Indeed, I once began to hope for this little reward, when first I began to give myself to my pursuits, and I spent seven or eight years far from my homeland, and learned to speak in diverse tongues. Then I became well versed in Italy’s language and manners, and also thy our tongue and ways, learned France. Wherever I was wafted, I cultivated the Muses as best I could, and Justinian was especially dear. But often Mars troubled Pallas against her will, and wars often interrupted my study. Yet I shunned the camps, save for the camps of Phoebus, which contained the pious Graces together with the Muses. Bartolus, you were a great tome. I was not permitted to carry you about, nor your legal puzzles, learned Baldus. I took up Sophocles, I taught his Muses to grow gentle. I made Latin out of his Greekish verse. Thus, though disturbed, I spent my hours a useful man, I taught Antigone how to speak Latin: a thing of great moment, greater than my powers, had not Pallas industriously come to my aid. At length I wished to tear up the work I had rejected, or feed it to the fire, since Greece was greater than Latium. But a large number of prudent men forbade this, at the same time celebrating me in poems of praise. Hence I began once more to polish my rude Muses, to shape them with a firmer hand.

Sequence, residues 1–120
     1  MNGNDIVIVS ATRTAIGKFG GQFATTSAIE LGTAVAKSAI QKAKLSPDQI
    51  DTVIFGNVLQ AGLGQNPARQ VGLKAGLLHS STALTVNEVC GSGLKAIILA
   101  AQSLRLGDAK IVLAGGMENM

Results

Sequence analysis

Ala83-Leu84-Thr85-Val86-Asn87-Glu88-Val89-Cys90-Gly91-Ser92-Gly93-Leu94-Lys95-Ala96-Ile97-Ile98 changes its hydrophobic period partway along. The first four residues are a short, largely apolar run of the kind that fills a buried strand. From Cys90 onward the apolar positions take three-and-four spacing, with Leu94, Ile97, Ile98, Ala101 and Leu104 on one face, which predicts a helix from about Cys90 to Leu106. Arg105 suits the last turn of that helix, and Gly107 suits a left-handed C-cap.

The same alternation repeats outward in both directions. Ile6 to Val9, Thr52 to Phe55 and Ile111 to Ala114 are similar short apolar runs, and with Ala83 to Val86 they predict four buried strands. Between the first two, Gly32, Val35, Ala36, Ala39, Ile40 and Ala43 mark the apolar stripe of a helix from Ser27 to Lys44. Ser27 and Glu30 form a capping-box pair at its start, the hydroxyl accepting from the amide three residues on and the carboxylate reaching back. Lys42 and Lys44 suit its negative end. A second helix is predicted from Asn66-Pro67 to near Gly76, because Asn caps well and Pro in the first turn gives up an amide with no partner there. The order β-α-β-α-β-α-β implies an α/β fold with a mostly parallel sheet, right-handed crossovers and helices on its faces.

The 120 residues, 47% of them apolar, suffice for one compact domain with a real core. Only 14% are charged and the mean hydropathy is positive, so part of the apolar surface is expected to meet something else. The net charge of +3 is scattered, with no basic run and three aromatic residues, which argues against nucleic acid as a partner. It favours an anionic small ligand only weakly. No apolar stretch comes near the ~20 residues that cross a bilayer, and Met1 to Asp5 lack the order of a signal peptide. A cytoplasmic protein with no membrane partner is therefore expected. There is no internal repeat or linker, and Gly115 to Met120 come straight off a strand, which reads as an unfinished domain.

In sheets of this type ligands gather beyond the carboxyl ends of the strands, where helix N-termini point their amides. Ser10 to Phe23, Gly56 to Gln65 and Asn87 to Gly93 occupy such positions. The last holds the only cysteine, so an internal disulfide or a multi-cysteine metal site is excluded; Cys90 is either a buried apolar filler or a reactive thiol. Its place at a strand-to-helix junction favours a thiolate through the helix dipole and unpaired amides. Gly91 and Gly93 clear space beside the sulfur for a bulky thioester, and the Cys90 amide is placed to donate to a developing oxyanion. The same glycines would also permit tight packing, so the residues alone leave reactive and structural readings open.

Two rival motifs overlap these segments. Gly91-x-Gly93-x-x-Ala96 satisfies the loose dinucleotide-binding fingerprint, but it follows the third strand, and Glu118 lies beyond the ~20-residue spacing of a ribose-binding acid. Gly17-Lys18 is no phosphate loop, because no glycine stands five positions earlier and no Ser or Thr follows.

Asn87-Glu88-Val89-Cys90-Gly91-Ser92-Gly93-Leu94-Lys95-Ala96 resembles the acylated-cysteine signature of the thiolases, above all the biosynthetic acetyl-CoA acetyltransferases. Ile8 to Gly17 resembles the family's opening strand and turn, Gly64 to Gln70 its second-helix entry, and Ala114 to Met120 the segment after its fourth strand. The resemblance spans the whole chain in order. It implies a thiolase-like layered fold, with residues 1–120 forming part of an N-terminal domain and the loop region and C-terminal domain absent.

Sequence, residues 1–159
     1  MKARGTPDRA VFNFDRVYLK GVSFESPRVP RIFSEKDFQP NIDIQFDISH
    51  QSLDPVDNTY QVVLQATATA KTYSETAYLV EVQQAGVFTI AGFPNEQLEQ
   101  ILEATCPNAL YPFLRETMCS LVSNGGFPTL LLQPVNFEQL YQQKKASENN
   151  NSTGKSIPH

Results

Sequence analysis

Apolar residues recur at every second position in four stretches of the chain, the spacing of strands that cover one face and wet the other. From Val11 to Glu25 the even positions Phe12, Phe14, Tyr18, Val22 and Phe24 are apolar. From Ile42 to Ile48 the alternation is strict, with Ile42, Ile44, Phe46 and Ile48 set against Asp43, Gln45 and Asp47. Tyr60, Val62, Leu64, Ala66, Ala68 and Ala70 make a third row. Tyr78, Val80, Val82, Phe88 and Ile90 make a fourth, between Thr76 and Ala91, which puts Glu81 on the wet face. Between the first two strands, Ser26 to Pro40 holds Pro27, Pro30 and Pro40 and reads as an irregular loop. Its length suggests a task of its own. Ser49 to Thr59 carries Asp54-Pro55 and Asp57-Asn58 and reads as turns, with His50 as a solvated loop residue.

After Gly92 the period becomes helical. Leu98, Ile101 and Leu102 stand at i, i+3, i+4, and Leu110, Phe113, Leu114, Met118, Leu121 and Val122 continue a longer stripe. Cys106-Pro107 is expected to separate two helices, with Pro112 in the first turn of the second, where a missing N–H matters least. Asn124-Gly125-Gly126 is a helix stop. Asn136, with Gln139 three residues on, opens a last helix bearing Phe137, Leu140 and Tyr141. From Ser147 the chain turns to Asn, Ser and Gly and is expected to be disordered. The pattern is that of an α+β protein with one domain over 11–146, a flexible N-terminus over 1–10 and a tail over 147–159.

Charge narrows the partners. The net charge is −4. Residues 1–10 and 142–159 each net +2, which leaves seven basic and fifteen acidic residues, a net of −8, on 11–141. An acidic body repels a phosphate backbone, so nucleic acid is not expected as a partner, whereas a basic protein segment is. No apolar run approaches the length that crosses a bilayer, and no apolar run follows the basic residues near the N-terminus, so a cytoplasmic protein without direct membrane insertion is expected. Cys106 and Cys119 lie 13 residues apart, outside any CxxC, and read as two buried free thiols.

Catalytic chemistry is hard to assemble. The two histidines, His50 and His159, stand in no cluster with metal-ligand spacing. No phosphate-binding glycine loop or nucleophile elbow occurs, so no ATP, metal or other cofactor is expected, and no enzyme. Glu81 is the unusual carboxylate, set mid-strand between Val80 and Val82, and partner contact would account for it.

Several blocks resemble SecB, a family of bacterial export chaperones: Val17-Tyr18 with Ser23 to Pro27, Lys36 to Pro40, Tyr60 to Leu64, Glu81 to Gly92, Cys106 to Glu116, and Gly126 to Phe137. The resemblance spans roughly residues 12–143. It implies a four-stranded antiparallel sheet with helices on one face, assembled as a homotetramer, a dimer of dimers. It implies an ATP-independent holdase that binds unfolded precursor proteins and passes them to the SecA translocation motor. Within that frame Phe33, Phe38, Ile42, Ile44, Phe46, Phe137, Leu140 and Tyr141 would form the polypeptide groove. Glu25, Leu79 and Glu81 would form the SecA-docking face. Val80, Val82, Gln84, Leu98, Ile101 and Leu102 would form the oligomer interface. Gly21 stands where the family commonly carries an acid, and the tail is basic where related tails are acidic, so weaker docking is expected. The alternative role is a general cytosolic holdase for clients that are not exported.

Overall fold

Next I had to search for a man to serve as my patron, protecting my writings by his authority; a dear son to Phoebus, and to the Muses, who loved the fountain of Helicon; a man sprung from distinguished forebears, a friend of piety, a bright darling of Jove himself. Since you would be such a man, the masculine glory of our realm, with humble voice I was obliged to call you my Maecenas. And so do not scorn this protégé of so little worth, as this is a task which your virtue has uniquely demanded. There is a familiar tale that once a mouse did that which was fitting and wholesome for a lion. No matter that an unworthy, unknown pauper of low degree was at hand, Pyrrhus drank that humble man’s water. Thus let a powerful man’s acquaintance be afforded me, unknown and undeserving though I be. My willingness is offered in lieu of my ability, my song instead of a gift, my Antigone craves to become dearer to you, she craves to become dearer than she was to Creon, more beloved than she was to her native soil. Now, coming back to life and escorted by Latin Muses, she approaches, fearing to tarry at Thebes. She will bear you wondrous things, if you wish to learn wonderments; she would make you pious, were you not such beforehand. In ranting iambs she will rail at laws that are not lawful; with fearless countenance she will adduce gods against the fasces of government; then she will tell what is fair, what is shameful, what is useful, and what is not, and how bitter is the love of power; how ruinous it is to scorn a true prophet’s admonitions; what a fast wheel crazed Fortune sets a-spinning; how the fawning crowd follows its prince’s whim; and what value the other limbs set upon the head. These things and more Antigone will set before your eyes, taught to teach by my effort. Love and prosper, noble Earl. Live for as many years as does the stag, and farewell.
Most observant of your honor,
THOMAS WATSON OF LONDON
AN ENCOMIUM OF THOMAS WATSON’S TRANSLATION OF SOPHOCLES’ ANTIGONE FROM THE GREEK LANGUAGE INTO THE LATIN BY JOHN COOKE, ACCOMPLISHED IN THIRTEEN HEROIC VERSES